SEATTLE -- Things are changing so rapidly in the Mariners' world that Casper Wells, who started in left field on Sunday shortly after arriving in town, was joking with Erik Bedard before the game about how glad he was not to have to face the veteran left-hander's wicked curveball now that they were on the same team.
An hour later, Wells was among those bidding farewell as Bedard packed his bags and headed for Boston in Seattle's second trade in two days. General manager Jack Zduriencik went about stockpiling young talent with the addition of highly touted outfield prospects Trayvon Robinson and Chih-Hsien Chiang.
"It was like, 'Hi, bye,'" Wells said after going 1-for-4 in his Mariners debut in Sunday's 8-1 loss to the Rays. "I got to really know him, you know? He said, 'Next time you face me, look for that curveball.'"
With Wells and left-hander Charlie Furbush arriving Sunday in a deal for Doug Fister and David Pauley that also netted the Mariners a pair of top young prospects from the Tigers, the Mariners removed two-fifths of their starting rotation -- and two bullpen members, with Aaron Laffey sent down and Pauley dealt.
So it's probably not surprising that the Mariners went out and stumbled through Sunday's game while committing three errors, though manager Eric Wedge said there will be no letdown in the final two months despite trades obviously aimed more toward the future.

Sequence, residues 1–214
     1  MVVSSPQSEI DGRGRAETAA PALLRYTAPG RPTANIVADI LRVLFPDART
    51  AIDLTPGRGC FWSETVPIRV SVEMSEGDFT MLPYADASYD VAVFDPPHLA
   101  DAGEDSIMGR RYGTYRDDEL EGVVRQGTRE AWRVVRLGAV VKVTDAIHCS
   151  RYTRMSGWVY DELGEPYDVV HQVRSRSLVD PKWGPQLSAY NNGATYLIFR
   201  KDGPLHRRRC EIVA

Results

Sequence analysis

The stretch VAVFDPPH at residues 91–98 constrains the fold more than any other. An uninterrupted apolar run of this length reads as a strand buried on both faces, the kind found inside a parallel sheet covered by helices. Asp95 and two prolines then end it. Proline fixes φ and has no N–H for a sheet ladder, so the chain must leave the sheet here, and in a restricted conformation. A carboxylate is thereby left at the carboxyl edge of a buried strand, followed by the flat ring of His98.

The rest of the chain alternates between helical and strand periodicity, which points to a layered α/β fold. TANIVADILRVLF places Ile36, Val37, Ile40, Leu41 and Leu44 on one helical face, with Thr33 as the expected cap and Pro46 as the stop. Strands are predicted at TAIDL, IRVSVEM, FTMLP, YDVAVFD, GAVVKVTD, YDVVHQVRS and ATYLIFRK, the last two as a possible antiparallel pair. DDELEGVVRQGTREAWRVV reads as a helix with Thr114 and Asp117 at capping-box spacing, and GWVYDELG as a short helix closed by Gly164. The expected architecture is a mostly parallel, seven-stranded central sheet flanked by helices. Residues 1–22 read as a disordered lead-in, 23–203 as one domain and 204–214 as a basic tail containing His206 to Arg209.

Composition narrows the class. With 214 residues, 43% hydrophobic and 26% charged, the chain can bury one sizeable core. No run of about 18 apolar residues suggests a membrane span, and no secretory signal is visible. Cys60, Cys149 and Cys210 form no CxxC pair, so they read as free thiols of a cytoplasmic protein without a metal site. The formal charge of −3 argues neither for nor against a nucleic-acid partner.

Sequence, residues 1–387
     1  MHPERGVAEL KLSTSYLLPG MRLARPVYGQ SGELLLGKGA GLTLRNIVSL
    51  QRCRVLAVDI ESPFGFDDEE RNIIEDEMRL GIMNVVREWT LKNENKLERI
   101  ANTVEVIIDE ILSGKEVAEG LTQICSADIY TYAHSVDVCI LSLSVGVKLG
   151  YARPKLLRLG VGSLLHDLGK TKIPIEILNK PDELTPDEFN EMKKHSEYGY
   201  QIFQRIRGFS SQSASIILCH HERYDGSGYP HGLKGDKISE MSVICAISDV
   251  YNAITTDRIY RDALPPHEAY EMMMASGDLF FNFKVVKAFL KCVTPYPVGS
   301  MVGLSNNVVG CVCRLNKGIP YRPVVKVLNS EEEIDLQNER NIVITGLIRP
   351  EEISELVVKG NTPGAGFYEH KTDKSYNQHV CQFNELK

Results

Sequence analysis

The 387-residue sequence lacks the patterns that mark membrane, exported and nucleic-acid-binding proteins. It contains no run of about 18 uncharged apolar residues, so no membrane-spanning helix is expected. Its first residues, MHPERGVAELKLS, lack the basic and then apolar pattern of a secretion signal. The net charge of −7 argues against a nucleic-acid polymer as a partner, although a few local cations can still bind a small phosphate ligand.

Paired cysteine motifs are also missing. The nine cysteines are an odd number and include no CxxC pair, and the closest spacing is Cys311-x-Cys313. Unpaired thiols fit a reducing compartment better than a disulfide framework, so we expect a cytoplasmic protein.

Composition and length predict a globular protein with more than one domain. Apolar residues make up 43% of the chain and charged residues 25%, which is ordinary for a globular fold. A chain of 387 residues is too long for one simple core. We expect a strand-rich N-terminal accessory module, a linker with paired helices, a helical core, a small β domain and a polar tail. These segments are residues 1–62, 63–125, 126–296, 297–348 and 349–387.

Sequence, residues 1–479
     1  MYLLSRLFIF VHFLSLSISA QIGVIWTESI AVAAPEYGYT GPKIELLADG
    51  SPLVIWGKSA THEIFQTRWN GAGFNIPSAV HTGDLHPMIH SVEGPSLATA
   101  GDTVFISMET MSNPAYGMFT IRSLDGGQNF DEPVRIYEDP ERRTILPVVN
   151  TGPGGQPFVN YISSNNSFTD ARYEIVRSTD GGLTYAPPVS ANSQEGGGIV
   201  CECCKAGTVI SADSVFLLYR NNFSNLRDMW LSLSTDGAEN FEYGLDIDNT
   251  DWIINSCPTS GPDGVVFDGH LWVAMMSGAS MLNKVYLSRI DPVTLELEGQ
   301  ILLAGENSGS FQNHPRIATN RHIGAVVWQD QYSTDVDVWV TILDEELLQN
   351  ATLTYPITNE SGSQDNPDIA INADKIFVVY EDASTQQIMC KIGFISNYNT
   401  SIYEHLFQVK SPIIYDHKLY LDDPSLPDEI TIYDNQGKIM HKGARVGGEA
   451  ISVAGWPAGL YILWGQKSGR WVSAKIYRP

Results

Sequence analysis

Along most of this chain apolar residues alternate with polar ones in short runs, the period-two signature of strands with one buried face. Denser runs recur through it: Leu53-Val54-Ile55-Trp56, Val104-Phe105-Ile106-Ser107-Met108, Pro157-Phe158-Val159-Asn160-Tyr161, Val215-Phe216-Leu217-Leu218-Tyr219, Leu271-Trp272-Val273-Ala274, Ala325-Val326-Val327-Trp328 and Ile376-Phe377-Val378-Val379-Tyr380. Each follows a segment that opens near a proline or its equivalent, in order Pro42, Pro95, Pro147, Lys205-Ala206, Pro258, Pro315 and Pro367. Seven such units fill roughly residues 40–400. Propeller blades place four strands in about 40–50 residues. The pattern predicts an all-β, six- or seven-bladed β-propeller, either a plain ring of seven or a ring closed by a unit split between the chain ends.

"You've got to trust your clubhouse and they've got to be men about it, they've got to be professionals," Wedge said. "They've got to understand this is where we're at right now. If we didn't go through the stretch we did, which we all have some control over, then it would be a different situation.
"But it's part of it. It's where we are right now as we build this thing. We're going to keep making tough decisions as we move forward. What we're not going to do is spin our wheels. I've told you that when I was hired. We're going to continue to make tough decisions and good decisions and build this thing."
That's why Zduriencik swapped the two final months of Bedard's pitching for a potential six years of control over each of the two young outfield prospects, both of whom are tearing up the Minor Leagues this season.
"We want to build something that Seattle and the fans, from year to year, can count on," Wedge said. "We're looking to be a championship club in the not-so-distant future and be able to sustain success. ... It takes talent and toughness to be a winner over the course of six months. We're making moves to work in that direction and we'll continue doing that."